Papa sent a dispatch to Cobham to day to be sent to Tom to give you news of our safety and losses. I will write to you to day to give you an account of these last five frightful days beginning with Friday when we heard the Yak Yankee cavalry was really in Charlottesville. Case came down early in the morning and told us Early had been entirely defeated and the Yankees were a cross the mountain. Whilst we were at breakfast John Mason came and told us of the entire innihilation of the only means of defen[se] between us and the enemy and after [breakfast?] [. . .] men came who confirmed the tale. Papa set off to go to Charlottesville but found finding the roads so bad and was being told the bank had been moved to Richmond, he turned back if he had gone on he would have had to hurry out of Charlottesville. We heard the party who had crossed the mountain had gone back but about one o’clock the servants called to us to come out and see a black smoke that was rising in the direction of Charlottesville at first we thought it was the University but persons coming down the road [. . .] told us it was the Depot that had been burned by our own people and we soon learned from others that the ennemy were in Charlottesville. Before dark we heard an explosion and saw a dark smoke [. . .] rising from the iron bridges and the burning of the factory and bridges soon light the sky. a A little after dark the Provost Guard from Charlottesville with Col Talare Taliaferro and Col Tom Smith came. They told us a party of Federals had crossed the river on foot at the iron bridge and they supposed had [. . .] the train that caused the explosion they thought the Free bridge was burned but were not certain we had heard in the evening that it was actually burnt and were shocked to find it not certain The Guard stayed here all night none of us went to bed and we spent the night trying to put away what [we] could. In the morning after a night of rain that had put the river in a flood we heard the bridge had been burnt and felt secure for the time. Papa went off with the Telescope and soon came riding back very fast and told us he had seen the Yankees at work on the bridge and replacing the plank on the place where it had been only partially burned. He ordered the horses all to be sent into the mountain and detirmined he would go himself. We put up two blankets in his oil cloth a bottle of whiskey and cash in his saddle bags and he went off to a place in the mountain where John Taylor was with his horses and negroes wereSteve was with him. About dinner time the Provost Guard all came in they got there dinners and staid on their horses in the yard until dark when they rode up under the dining room window and told us good bye they had seen some men they thought were Yankee Videttes on the high hills at Shadwell and thought they had better go so [. . .] off they scampered telling us that they thought we would not have a visit from them until the next day—I didn’t feel so sure of that so I sat at the west window to watch. every thing looked so lovely first in the twilight and then in the new moonlight it seemed impossible so much danger should be so near—I had been there about ¾ of an hour when some men rode up under the front window. Mama threw it up and they asked “where is the Colonel,” “In the mountain” says Mama—“Yankees Aunt JanePeg Carr said and touched her Anderson told me as I sprung up “the backyard is full of them.” “Why did he go into the mountain,” “because Mama said he chose to do it, and thought it best.” “Madam I shall search your house” Certainly I said but will you let the doors be guarded to prevent your men from coming in. [. . .] My father is not here however—“I will do it—” “Why did he think it necessary to leave his own house.” Because I said he is an old gentleman an We were afraid he would be exposed to [. . .] indignities from those who would not respect his grey hairs.” “I have been informed that a Confederate Colonel lived here” “No such thing my father has no connection with the army and was a Militia Colonel some 40 years ago”—[. . .]” he said “I have arrested a servant carrying a note to Col Randolph saying containing important intelligence from Richmond.” No such thing “Not to my father I said it must have been to some one else.” He had said he would give us a minute to light the candle “one minute he repeated.” I turned to Margaret then for the candle and he said, sitting on his horse all this time, “Under the circumstances I will not search the house if you will give me your word of honour as ladies as I presume you are ladies that Col: Randolph is not in the house I will not search it.” We gave him our word that he was not in the house. he told the other officer to call the men off and rode away—We shut the window and went to the back door where we found a great alarm George Hughes had been taken by them. and I recollected for the first time that George had been sent off by Tom Farish who dined here with a note to Papa saying he had important news for him from Richmond and must see him. We were in trouble as you may imagine—Mama at dinnertime after a great deal of talk had agreed to send the note to Papa because Mr Farish said it was so important—After the note was sent we got into an agony for fear he would come back and became convinced it was all some of Tom Farish’s foolishness Papa never got the note but here he was Papa to be hunted through the mountain and perhaps taken off to and very badly treated—In a few minutes Rachel came crying into the house and said “they got Henry” and we found that it Ambrose and Johnny & all the horses had been found and taken off and that as they came by the quarters they had taken Sancho & Mack—I forgot to say the first news we had Saturday was that Jimmy & Moses & Isaac had gone off each on a horse. The horses could not be got over the river and returned during the day to be taken during the night—Thus ended visitation No 1 it left us agitated but thankful [. . .] for the respectful manner in which we had been treated. The children were very much frightened Pattie cried a little but we soon quieted her and gave them their suppers some one asked Cary why he did not eat his supper—“I’se so scared I cant eat.” he gasped We put the little children to bed up stairs and detirmined to sit up all night in the parlor and Mama’s room—before we could make our arrangements however another knock came at the [. . .] door Mama and I went to it the door with Sidney close behind us. I opened the door and a young man asked very respectfully whether he could get any apple brandy. “not a drop I said there is not a drop in the house”—Do you know where I can get any we want about six canteens full”—We did know so he very respectfully took his leave. We made some tea and each took a cup [. . .] to keep up our courage and keep us awake and thought we were very bold indeed but our hearts quaked when we heard about eleven o’clock a step on the portico and a knock at the door but we had detirmined we would go to the door as quickly as we could if we heard any one at it so out we sallied Mama and Carry and I—I in the lead. We opened the door and [. . .] found a man rather intoxicated evidently trying to pass himself off as a Confederate soldier. he asked several rather incoherent questions told him we knew nothing of course that was going on where were only a party of ladies and children had ourselves bolted in and knew nothing of what was going on outside “that’s right—he said and we saw him ride off in the moonlight with two others. It was right nervous work but we felt very quiet all of us and settled down again in the parlor with our ears open to every sound—At one o’clock that horrible noise on the portico and dreadful rap at the [. . .] door was heard again—We three went out this time Candle in hand and this time on opening the door found the same man evidently more intoxicated and quite detirmined to come in. “Any soldiers in here—” “No, not a soldier and you must’nt come in “your Captain has been here and says said the house must not be searched”—he stood his ground Mama holding the door and I insisting there were no soldiers in the house. Open the door Mama [. . .] Carry said and at the same time a rough voice behind the man said “open the door”—We slung the door open told them very boldly to come in then and look for [. . .] themselves very boldly—but my dear girls how our hearts sank when four drunken men staggered into the passage. they went on in to the parlor Cary and Mama taking the leed lead, went into Mama’s room where they began to rummage in the drawers—We called to them not to break the locks. I flew to the wardrobe threw both the doors open and told the horrid looking wretch to look—Mama got gave them the keys of the drawers—I made them stand back whilst I unlocked the drawer Carry was holding the candle—they seemed not to get much satisfaction and [. . .] came out—Carry and I then had each a candle and told them to come in took them into the dining room and through the pantry by this time they were evidently uneasy and each man had his pistol in his hand as I got to the back door, I was leading the way, I unbolted and threw it open—the man following me looked startled and said “why that goes up out of doors” yes indeed” I said he called back to the others to keep together they said they would go up stairs well we said go up but I said take care you dont know of what may be behind you—Just then the man out side who was holding their horses called to them, one went to the door and came back—and took the leader who was the drunkest by the shoulder and we saw them all go out greatly to our satisfaction as you may imagine but we were so shocked and frightened, all the little Garrison, that the rest of the night seemed like an age. and We ditirmined the next time we would hold a parley through the window but no one came and the night wore on. Aunt Sidney sat the whole night in the easy chair at the corner of the fire and never blinked her eyes. Margaret was crouched down on the floor beside her and Eliza with her the greater part of the night. Aunt Margaret had gone to bed about twelve very quietly—Mama & Carry sat up all night. the morning dawned upon [. . .] us at last—we got ourselves ready had the rooms cleaned up sent the maids out of the house. and and Margaret and I took our seats at the dining room window to watch the road. This was a quiet lovely morning Sunday morning the outlines of the mountains looked so soft and beautiful and the sun shone so brightly over the country there seemed no place for wickedness on the Earth. A faint hope possessed us that the ennemy had gone back to Staunton after destroying the bridges—We very soon saw however a party [. . .] rising on the road above Tom’s barn then another party and as they rose the Hill hill the whole Yankee column came in sight—we watched these first parties, and saw them ride round. The head of the Column passed but then we saw three men ride in and tear furiously up the Hill and into the yard one rode round to the back of the house and one came strait up and around to the front. We were standing at the open window thinking they were men sent to search the house and we would speak to us them through the window but he said “good morning” and dashed round to the front of the house—The one at the back of [. . .] the house a tied his horse drew his Sabre and went in to the cellar after he disappeared one of the others came to the door Mama and Carry and I were standing at the door one of us opened it—He asked if there were any men about—We told him no Mama said here are the keys & looked the most pitious object you ever saw. “I dont want your keys” he said and really looked ashamed—“Well she said there is one man now trying to open the cellar will you take the key and open the door.” he had not entered the house & refused to go down the cellar steps—we told him to put the key in up side down. “All right’ he said and jumped down the alley wall—Apple jack was what they wanted they took a ham of bacon which they threw away [. . .] before they left the house and two loaves of bread they put in their hoversacks—These men did not come in the house at all—Just as they rode off a negro rode [. . .] in on a very fine horse at full speed it proved to be Jimmy he stopped at Sarah Jane’s house and sent up for her to come and get his shirt. he had the grace not to come to the house—3 men rode in at the [. . .] at the shop gate and 2 at the front gate. they came right up to the house as hard as they could dare tied their horses and came right in three of them. they we were at the door but they brushed by us went into Mama’s room ransacked the drawers to Mama’s room and set off up stairs rummaged through Carry’s and my presses kicked open [. . .] Jane’s trunk and threw all the things out of Aunt Margaret’s. Two sat on their horses at the door all the time—One of them as he came down stairs spied Papa’s black over coat hanging by behind the Green door and took it off with him. This we thought was the passing of the whole army but time passed and there was no appearance of any one on the road we got our breakfast Mama kept house and we were all together in the dining room when Sidney came in and told us Keswick was on fire and Dr Everett’s yard was full of them and they Yankees and they were riding over the fields. we went to the back door and there was a scene to make one’s heart quail. the dark black smoke and flames of the burning Depot—Dr Everetts yard full of them and the fields filled with horsemen tearing riding about tearing up the railroad and looking like fiends I had put on the watch I took out of your trunk and I was so uneasy at having it and at Carry’s having hers we called to Sally and she came and took them from us, we had put on our cloaks after the first arrival to prevent their being stolen. Carry and I went to the parlor window to see if we could not see some Officer whose protection we could claim but all we saw was these horrible wretches riding as hard as they could strait up through the garden gate strait up the hill & [. . .] dashing round to the back door—All of them we saw were as drunk as they could be and no [. . .] officer amongst them—My courage was all gone now I was terrified to death and clung to Carry’s arm at t standing in the dining room door she says as if my arms were made of iron. Aunt Sidney, Peg and the children were in the dining room—The storm soon burst—A drunken wretch rushed into the back door cursed Mama shok shook his pistol over her and told her to give him her gold and silver or he would burn the house down—“I have no gold or silver” she said he went on in to her room cursing and making a noise followed by a stream of others. the house was filled with them coming in and going up stairs we could here hear them pulling the things about in the garret and going about. This drunken man rushed up to Carry & I—“Give me your watches give me your watches”—We have no watches.” “let me see,” let me see”! I threw back my cloak but Carrie could not get hers open as soon and he clutched hold of it Mama flew at him as if she had been a wild tiger. Carry got the cloak open or I think he would have torn it open. Haven’t you a mother & sisters? Ma said, ringing her hands in his face—“What”—“haven’t you a mother & sisters.” “Yes I have a mother & sisters.” just then he caught sight of the three rings on my fingers—I had quite forgotten. “Rings on your fingers,” “give me those rings” and I thought he would have torn them off my finger so I gave them to him—his pistol was flourishing over us all the while but I didn’t care any more for it than if it had been a stick he turned to Carry for her rings and then to Aunt Margaret. You want this, she said quite coolly and pulled off her little black ring she has been wearing for forty years. Just then a young Man rushed down the stairs his pistol in his hand “What’s this about taking rings from women”? “give them back give Sir give them back—take Men’s property as much as you please but when it comes to taking rings from women you shant do it, give them back, give them back, three others joined them him and they had it as loud as they could talk threatening this horrid wretch until at last he gave the man two of our rings—I thought every minute they would have got into a fight and I wish now they had blown his brains out—but we didn’t say anything of the other rings and he skulked off. we got one of the young men to stay in the passage with us strange to say they never attempted to go into the dinning room—one or two of them told us not to be so frightened—Carry was quite cool calm looking but I expect Mama & I looked very much agitated. The very fellow who had been the most p[. . .] against the drunken man ran back up stairs and came down with Tom’s new saddle & bridle. all of them had been drinking. they told us the Officers were coming and two young men rode up to the door—we were standing in the door and I expect presented a group that must have moved their sympathies for nothing could have surpassed the respect & deference of their manners As soon officers As soon as they got into the portico We spoke to them told them we saw they were Officers and asked their protection from these drunken soldiers—Our own people could not have expressed more indignation than they did They tried to quiet us and one of them sent an officer up to Shadwell to stop the rioting that was going on up there. One of them took all the letters they had taken at Keswick and out of his pocket & let us pick out ours—One of them was a letter to Margaret Carter enclosing [. . .] Cary anne’s two last letters from Richmond, full of every thing that was going on there—They said they had had no breakfast and asked if it was not too much trouble if We would give them something to eat but if it was taking from what we had not to do it. They told us Col Caphard was in command of the brigade and that he was coming to the door—He came into the porch and stood hat in hand with an air of the most profound respect didn’t offer to come in [. . .] until I asked him. The Young Men introduced us to him and I asked him into the parlor—Aunt Margaret conducted him to Mama’s room which was a scene of the greatest confusion you ever saw every thing out of the presses in on the floor—We retired then and they went to their lunch After it was over they the young ones went off and Col Caphard came into the parlor. He sat a little while and talked to us I was ditirmined he should not think we loved them so I said “We are all very staunch Southern women but we know how to appreciate kind Courtesy from a Northern Officer.” that we felt very grateful for the kindness that had been shown us We got into a conversation with him then he said the matter would soon all be settled that it was very distressing and unnecessary that their was no occasion for war the whole thing had been hurried on by a few ambitious men on both sides—We told we hoped the matter would not be soon over and that we had as strong faith in the success of the cause as we ever had—that our love was [. . .] for fo the new government and our allegiance due to it—he said he respected our opinions thanked Mama for her hospitality told us he would leave a guard with us until the brigade had all passed and [. . .] that if the army passed this way he would make it his business to see that we had a guard and He then took his leave. the guard of 15 or 20 men stayed with us for half an hour and left—The commander, Col. Battersby sent his card in to Mama we thought that she might use it in case of further trouble—then they were all gone leaving the lawn torn up by their hated horses hoofs and the line of the railroad marked by the smoke rising from the Depots and [. . .] as far as we could see along this and the Lynchburg roads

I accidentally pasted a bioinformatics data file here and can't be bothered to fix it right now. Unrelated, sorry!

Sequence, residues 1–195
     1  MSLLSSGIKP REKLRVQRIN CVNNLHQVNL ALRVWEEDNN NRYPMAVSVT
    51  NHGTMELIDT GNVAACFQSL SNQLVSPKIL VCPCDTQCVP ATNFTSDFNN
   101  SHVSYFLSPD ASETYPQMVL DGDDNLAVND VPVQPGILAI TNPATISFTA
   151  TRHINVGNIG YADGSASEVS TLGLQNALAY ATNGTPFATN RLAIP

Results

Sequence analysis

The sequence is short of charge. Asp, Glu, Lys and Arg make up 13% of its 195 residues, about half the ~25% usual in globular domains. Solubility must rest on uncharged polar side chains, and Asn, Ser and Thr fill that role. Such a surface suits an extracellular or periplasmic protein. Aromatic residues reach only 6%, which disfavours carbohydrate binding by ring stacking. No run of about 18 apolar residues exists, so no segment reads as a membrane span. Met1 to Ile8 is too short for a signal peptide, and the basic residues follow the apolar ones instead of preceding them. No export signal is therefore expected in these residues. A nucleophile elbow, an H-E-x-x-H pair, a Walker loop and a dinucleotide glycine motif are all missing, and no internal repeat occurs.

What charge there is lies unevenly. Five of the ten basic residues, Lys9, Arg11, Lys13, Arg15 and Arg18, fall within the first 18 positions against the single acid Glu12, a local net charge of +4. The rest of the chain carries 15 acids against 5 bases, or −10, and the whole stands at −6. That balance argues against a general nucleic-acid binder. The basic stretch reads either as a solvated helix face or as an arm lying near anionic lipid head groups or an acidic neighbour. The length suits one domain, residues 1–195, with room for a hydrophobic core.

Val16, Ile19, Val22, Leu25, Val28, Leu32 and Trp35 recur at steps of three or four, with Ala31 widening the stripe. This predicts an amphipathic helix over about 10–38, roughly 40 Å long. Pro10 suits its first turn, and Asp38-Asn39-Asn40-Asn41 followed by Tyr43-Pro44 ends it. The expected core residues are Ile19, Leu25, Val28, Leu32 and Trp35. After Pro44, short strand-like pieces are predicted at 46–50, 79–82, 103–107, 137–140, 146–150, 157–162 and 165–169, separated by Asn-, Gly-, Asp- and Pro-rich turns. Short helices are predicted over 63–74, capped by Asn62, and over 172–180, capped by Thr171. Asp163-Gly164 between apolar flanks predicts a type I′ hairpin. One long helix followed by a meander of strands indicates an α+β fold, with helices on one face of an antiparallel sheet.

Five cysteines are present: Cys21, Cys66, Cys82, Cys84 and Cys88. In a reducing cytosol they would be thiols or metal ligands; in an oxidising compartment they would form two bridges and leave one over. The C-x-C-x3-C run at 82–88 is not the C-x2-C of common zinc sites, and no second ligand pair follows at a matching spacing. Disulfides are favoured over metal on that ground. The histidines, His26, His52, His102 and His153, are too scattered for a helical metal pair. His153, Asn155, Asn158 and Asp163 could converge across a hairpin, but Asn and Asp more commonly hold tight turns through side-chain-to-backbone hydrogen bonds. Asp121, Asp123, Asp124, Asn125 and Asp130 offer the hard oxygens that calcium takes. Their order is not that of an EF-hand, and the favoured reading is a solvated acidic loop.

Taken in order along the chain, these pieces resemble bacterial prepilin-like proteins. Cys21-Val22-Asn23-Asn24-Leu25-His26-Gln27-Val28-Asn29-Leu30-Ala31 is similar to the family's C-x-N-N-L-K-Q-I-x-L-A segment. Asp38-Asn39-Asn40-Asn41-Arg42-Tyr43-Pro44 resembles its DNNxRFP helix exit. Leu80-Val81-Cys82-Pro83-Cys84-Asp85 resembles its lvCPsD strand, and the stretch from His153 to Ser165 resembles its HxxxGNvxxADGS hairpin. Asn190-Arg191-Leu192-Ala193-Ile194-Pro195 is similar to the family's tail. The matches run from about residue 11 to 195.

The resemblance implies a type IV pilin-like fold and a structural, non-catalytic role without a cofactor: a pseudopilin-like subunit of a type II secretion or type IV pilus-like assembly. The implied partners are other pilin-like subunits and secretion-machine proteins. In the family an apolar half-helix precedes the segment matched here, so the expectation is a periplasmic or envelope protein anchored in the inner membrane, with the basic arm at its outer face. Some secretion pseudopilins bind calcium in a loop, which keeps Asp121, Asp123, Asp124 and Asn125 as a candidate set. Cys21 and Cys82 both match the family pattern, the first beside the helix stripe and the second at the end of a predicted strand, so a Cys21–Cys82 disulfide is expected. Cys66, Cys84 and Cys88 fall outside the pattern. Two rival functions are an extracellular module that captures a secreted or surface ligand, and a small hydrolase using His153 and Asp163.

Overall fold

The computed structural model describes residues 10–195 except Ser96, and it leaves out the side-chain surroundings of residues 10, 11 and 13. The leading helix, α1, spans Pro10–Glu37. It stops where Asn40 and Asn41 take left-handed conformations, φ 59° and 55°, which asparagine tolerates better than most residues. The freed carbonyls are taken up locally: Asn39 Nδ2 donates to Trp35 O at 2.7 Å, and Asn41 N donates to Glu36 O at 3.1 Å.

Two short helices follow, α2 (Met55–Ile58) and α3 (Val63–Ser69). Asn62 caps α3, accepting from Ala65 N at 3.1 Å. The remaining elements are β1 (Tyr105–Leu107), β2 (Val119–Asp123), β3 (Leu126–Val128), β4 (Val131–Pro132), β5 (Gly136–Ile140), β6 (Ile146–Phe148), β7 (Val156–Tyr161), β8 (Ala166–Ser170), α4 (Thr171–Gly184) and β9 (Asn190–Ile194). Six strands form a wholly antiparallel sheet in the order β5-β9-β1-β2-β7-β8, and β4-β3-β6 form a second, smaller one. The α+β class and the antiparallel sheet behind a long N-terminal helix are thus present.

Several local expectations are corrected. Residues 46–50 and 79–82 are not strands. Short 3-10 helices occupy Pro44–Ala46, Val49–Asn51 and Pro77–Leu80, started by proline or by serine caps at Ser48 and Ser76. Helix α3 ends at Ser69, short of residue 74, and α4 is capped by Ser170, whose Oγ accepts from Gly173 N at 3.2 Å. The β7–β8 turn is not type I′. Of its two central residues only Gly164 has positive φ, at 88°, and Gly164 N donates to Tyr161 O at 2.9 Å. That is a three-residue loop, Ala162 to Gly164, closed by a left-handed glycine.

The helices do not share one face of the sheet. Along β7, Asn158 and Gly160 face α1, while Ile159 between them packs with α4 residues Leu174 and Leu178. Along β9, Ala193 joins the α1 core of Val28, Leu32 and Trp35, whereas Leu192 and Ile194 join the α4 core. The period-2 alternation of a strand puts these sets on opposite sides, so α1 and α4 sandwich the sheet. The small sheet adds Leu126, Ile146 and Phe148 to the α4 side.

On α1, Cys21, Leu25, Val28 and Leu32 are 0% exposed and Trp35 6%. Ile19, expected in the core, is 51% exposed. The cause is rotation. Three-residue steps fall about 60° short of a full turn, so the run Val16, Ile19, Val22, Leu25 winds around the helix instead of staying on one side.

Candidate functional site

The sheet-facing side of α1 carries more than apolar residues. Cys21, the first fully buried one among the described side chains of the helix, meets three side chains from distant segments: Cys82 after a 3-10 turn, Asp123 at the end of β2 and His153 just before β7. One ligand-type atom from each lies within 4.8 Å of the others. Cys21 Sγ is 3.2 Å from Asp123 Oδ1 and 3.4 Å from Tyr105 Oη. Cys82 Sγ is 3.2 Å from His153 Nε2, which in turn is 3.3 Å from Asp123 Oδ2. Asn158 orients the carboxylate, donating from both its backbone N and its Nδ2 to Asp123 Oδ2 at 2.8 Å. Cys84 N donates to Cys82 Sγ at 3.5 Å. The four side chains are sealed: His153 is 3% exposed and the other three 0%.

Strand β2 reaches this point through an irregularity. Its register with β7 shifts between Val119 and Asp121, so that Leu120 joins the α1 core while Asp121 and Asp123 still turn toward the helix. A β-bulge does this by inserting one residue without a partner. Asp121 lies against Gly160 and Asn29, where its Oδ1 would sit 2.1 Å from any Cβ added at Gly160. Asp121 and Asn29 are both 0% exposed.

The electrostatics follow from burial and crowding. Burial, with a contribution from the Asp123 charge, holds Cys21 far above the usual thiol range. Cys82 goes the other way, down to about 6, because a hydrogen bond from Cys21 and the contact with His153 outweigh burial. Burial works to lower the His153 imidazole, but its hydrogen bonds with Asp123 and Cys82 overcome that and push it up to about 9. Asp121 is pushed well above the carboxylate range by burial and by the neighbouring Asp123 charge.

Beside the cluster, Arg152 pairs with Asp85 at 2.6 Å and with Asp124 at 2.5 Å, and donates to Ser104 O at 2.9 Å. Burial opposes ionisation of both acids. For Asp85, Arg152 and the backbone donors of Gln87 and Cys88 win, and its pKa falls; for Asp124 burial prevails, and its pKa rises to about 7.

I shall always feel grateful to those officers Yankees as they were—We [. . .] did not go to bed Sunday night & were expecting all Monday Morning to see the whole body moving down this road—We soon saw a single horseman riding down from Shadwell and he came in to the yard. It turned out to be Buck on a captured Yankee horse. he told us the Yankees had all gone and they had burned the Free Bridge behind them and had left C. We soon saw about as large a body as had passed here moving down to Milton they passed strait through Milton after a few hours we saw the smoke rising from the Buck Island factory and at night we saw several other fires—After a while John Taylor came out of the Mountain. We heard Papa was quite well but they did not think it safe to come down and neither did we—Monday night we were too uneasy to go to bed. Tuesday several parties of Our gentlemen came by to see how we had fared and at dinner time we sent for Papa to come home. We told our tale and he gave us an account of his adventure in the Mountain for the last three days A party of Yankees had been firing at them all the Sun morning Sunday and been very near taking father John Taylor’s party [. . .] They were looking for Tom’s horses they had not succeeded in getting them all—Papa had several gentlemen with him indeed the Mountain was full of gentlemen several of them were taken prisoners. They The party who was with Papa went down the north side of the mountain for some distance below Cloverfields. He stayed every night at the little house under the mountain where a Mayor Throckmorton lives by himself he was treated very kindly indeed he says every body was kind to him. Tom Farish’s letter note that was captured on George raised a suspicion upon Papa and caused the excitement there was against him. [. . .] After Papa had been at home about two hours Tuesday we saw a body of troops riding over towards the mill. We were not certain it was not the party who had passed through Milton returning this way to burn the mill. George who had got off Monday and returned home thought they were Yankees. Papa went into the mountain again and Carry and I watched them fearing they were Yankees and pretty soon Steve came by on his way to the mountain again and sent us word a large body of Yankee infantry was in Charlottesville—We were completely done up then and thought we were to be regularly taken possession of but about nine Dr Everett sent to us to tell us he knew the body of Cavalry on the Camping Branch was our own people, and there was not a yankee in C. We did not really believe it but were very much relieved the next morning they came up some of them to get their breakfasts—so ended our five days Campaign. Our first experience of the Yankees—It was pretty severe but not so bad as many people have suffered. 12 of our negroes are gone and all our horses [. . .] and 120 peices of meat belonging to the boys we ought to have sent to the government when our own went. the corn has not been disturbed and nothing broken about the house or plantation we have lost none of our flour. the negroes have three months provisions Mama gave out to them the day before the Yankees came—Robert George & Ambrose and Johnny who who returned to us as soon as they could—Robert who has been as faithful and kind to us as he could be—Joe who rode Tom’s most valuable horse off and brought him safely back Thursday—Archie who walked quietly down to his wife’s house and staid until the fuss was over—Lou, little Burwell and Johnny Helia and Washington are those who have stayed—none of the women went away and if these women about the house had been our own sisters they could not have been kinder than they have been. the most distressing of the whole business is the loss of Phill & Wormley. In the evening Sunday they ran away to Shadwell where the Yankees were burning the Depot and went off with them—George & Johnny both saw them in town. Sidney is broken hearted about them both and I feel so sorry for her—whatever happens and whatever they may do here after I shall always feel an affection for them for their sympathy & kindness—particularly Sally she was as good as she could be and showed so much sense—